In that case I have to figure out how to start the application with a different configuration file.

My i3 configuration is one of those and I created a GDM service that starts i3 with config-personal:

[Desktop Entry]
Name=i3 Personal
Comment=improved dynamic tiling window manager
Exec=i3 -c /home/sw/.i3/config-personal
X-LightDM-DesktopName=i3 Personal
DesktopNames=i3 Personal

NOTE: Some dotfiles managers can generate configuration files based on templates. This comes with the limitation that if you change something in the application GUI, the change would be overwritten the next time the configuration is rebuilt.


I install i3, the tiling window manager. I keep Gnome around even though I never use it.

Screen Resolution

You can use xrandr to adjust your screen resolution.

If I need to work on a larger display, I just create a script that I call with a keybinding.

In this example, when I had to deal with a 2560x1440 display:


cvt 2560 1440
xrandr --newmode "2560x1440_60.00"  312.25  2560 2752 3024 3488  1440 1443 1448 1493 -hsync +vsync
xrandr --addmode Virtual-0 2560x1440_60.00
xrandr --output Virtual-0 --mode 2560x1440_60.00
xrandr -s 2560x1440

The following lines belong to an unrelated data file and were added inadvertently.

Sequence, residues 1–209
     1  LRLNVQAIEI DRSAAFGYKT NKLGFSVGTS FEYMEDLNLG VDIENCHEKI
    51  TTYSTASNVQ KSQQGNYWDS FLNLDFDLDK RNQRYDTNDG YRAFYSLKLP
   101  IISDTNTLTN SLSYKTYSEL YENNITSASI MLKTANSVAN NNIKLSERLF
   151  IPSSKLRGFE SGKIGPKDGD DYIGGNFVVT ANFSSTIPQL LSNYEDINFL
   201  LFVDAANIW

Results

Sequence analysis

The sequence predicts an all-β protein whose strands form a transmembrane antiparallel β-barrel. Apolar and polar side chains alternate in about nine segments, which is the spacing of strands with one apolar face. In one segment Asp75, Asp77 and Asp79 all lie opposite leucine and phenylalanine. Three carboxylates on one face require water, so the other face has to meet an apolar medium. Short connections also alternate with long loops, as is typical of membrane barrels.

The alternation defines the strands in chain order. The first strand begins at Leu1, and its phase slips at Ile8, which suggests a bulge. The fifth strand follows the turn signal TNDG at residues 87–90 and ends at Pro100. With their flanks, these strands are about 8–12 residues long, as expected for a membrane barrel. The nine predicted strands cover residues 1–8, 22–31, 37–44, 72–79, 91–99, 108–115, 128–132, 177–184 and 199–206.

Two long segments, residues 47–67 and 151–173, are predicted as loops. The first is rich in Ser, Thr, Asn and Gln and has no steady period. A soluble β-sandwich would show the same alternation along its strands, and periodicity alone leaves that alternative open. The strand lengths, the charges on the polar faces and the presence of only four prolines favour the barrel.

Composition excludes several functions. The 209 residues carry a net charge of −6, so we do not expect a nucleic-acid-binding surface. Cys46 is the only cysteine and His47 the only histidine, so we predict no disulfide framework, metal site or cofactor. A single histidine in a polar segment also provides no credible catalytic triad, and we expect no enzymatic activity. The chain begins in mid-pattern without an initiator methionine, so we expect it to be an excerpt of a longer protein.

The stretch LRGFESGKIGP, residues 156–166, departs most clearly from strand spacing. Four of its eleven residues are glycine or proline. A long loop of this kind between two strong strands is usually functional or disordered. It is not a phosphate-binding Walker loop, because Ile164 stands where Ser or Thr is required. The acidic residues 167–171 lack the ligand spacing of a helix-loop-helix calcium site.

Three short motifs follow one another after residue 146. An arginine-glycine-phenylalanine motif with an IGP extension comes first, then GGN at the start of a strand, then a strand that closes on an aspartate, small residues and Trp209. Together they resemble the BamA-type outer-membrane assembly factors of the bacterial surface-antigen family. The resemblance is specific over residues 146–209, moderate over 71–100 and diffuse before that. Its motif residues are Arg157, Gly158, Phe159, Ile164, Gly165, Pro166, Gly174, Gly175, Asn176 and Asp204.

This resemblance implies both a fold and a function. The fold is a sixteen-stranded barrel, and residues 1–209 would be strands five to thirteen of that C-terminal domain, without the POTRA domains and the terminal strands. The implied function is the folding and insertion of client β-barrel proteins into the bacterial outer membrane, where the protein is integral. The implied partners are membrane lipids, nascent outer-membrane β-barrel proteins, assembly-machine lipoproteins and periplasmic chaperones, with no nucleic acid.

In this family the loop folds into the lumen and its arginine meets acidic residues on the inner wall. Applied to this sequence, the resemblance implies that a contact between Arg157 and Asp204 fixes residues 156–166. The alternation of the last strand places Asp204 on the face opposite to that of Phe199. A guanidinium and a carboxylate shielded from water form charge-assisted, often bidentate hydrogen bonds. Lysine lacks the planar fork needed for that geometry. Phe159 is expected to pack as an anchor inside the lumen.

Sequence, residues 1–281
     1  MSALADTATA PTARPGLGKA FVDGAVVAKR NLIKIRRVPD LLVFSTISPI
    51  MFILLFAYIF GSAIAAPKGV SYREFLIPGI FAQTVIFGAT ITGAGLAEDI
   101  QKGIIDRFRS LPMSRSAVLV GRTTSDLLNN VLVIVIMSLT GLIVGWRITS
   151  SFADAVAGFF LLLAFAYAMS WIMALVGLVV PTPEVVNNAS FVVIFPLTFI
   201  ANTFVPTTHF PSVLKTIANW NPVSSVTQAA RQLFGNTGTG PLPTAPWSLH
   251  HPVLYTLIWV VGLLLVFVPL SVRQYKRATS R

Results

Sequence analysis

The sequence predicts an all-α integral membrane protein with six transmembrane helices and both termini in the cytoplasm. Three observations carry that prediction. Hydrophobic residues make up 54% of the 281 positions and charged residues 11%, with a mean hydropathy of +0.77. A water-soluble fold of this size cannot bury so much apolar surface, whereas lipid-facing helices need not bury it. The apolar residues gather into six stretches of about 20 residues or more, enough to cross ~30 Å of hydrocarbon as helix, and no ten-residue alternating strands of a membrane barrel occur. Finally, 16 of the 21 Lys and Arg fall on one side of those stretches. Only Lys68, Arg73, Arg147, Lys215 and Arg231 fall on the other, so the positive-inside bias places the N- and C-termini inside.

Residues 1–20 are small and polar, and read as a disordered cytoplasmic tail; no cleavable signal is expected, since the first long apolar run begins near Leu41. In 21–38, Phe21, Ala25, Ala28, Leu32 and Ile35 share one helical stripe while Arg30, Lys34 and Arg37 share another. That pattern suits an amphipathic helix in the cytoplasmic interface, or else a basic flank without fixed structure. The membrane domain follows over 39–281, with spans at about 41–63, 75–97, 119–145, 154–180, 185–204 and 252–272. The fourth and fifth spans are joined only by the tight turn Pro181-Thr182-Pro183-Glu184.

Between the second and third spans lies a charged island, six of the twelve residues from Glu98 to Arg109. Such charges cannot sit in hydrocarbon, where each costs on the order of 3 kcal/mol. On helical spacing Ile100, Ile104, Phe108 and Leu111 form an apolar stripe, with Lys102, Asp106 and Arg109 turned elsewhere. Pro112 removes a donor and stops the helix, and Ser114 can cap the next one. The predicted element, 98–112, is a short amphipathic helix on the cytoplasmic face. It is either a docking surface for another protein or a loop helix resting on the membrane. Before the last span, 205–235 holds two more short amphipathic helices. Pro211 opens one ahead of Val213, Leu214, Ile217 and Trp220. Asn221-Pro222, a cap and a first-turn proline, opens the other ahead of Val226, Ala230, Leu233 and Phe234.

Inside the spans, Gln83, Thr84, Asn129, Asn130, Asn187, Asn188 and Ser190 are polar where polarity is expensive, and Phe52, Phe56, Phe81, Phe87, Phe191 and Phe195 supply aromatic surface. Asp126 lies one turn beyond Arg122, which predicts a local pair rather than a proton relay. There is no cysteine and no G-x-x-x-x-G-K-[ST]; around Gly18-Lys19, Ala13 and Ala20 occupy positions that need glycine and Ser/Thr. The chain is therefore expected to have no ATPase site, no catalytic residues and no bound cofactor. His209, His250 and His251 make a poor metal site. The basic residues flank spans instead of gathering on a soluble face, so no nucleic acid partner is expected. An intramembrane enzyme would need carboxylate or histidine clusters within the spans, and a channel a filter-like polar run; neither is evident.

One of the lesser known feature of i3.

The scratchpad is a “hidden” workspace. You just don’t want your music player to take one full workspace, right?

So you just move it to the scratchpad and recall it when needed.

In order to put it away/recall, I have this config in i3:

bindsym $meta+z move scratchpad
bindsym $meta+s exec "~/.i3/scripts/scratchpad.py" 

One of the inconvenient of recalling windows in the scratchpad is that windows are appearing in a random fashion.

This is the reason for scratchpad.py:

#!/usr/bin/env python3

import i3ipc
import subprocess
import re

i3 = i3ipc.Connection()

def get_scratchpad_windows():
    scratchpad_containers = i3.get_tree().scratchpad().descendants()
    return filter(lambda c: c.type == 'con' and c.name, scratchpad_containers)

def dmenu_choose(options):
    """ Show a dmenu to choose a string item from a list of *options*. """